Learn the small actions you can take that will make a big difference to your online security at home and at Williams.
WEEK 1 – PHISHING – Don’t give up your usernames, passwords or financial information due to an email
Cybercriminals have become quite savvy in their attempts to lure people in and get you to click on a link or open an attachment.
The email they send can look just like it comes from Williams college, a financial institution, cloud service (e.g. Apple, Dropbox) or delivery vendor (e.g. UPS)
It often urges you to act quickly, because your account has been compromised, your order cannot be fulfilled or there is a new service for you to take advantage of.
If you are unsure whether an email request is legitimate, it most likely is not. If you’d like to try and verify it:
- Send email to email@example.com and OIT will check it out.
- Take a look at our “spot a phish” page to search for telltale clues.
- Contact the company directly. DON’T just reply to the email and say “is this real?”.
Remember that Williams OIT will never ask for a username and password in an email. Your bank or any other institution will not either.
When you do recognize a phishing email it helps to report it directly to Google so they can analyze and block it more quickly. From the gmail interface in a web browser choose Report Phishing from the drop down menu next to Reply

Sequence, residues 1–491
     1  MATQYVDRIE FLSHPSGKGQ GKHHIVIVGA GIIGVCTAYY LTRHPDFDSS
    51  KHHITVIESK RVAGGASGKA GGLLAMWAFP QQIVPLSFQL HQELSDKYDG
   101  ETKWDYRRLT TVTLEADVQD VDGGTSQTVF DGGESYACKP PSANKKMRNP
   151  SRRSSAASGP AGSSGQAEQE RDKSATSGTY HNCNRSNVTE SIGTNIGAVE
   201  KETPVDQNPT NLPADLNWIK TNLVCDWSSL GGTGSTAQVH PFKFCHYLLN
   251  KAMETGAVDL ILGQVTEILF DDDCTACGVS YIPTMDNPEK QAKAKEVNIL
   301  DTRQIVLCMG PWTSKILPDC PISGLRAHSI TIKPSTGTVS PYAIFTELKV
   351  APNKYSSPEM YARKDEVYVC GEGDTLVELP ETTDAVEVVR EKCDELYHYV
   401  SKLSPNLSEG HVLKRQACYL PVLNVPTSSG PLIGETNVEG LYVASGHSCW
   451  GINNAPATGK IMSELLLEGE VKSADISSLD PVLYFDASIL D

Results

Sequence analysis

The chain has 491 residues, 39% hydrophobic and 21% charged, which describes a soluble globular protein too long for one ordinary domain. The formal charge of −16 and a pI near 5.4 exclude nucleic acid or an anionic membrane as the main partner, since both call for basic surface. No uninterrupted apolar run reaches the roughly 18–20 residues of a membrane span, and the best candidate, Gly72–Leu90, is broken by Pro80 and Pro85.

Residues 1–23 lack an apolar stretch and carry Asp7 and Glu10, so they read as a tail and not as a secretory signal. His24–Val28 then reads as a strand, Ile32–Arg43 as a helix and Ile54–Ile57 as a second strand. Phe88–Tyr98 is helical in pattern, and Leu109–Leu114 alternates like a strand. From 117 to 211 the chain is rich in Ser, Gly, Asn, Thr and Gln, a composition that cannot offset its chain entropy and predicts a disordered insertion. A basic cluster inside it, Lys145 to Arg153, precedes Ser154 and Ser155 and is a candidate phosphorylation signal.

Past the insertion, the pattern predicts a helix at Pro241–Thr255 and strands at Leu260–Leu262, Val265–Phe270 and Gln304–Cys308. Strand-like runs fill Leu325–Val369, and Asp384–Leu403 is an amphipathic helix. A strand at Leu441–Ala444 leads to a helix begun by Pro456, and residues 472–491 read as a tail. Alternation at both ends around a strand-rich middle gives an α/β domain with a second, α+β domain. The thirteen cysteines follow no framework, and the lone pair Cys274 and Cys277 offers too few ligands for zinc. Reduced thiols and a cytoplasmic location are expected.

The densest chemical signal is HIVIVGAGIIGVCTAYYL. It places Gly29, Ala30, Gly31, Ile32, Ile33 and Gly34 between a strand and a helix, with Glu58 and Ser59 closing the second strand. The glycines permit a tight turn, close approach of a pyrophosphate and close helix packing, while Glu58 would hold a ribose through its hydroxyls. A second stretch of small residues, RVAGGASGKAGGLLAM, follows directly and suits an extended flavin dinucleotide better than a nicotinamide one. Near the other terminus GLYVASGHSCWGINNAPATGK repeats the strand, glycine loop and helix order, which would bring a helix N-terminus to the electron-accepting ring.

Why do hackers want your username and password anyway?
Often they will use your account to send further phishing scams through the Williams network to catch more people. This can then give us a bad online reputation and cause legitimate emails from Williams to be blocked. Also emails coming from a @williams.edu will look more genuine to college students and employees.
They will use your account to attempt security breaches on computers outside of Williams. They can do this from locations like Nigeria and Russia (recent examples).
Once they can read your email they can look for personal information like credit card numbers and Social Security numbers to attempt Identity Theft.
They can set up a forward on your email so that they then will receive all future email to you. Or they can start emailing your friends and family pretending to be you in order to perpetrate a financial scam.
Or they will simply collect usernames and passwords over time and sell them in bulk or on the black market.
It only takes one person to respond with their credentials to have a dramatic effect on campus communications and security. When in doubt, check it out.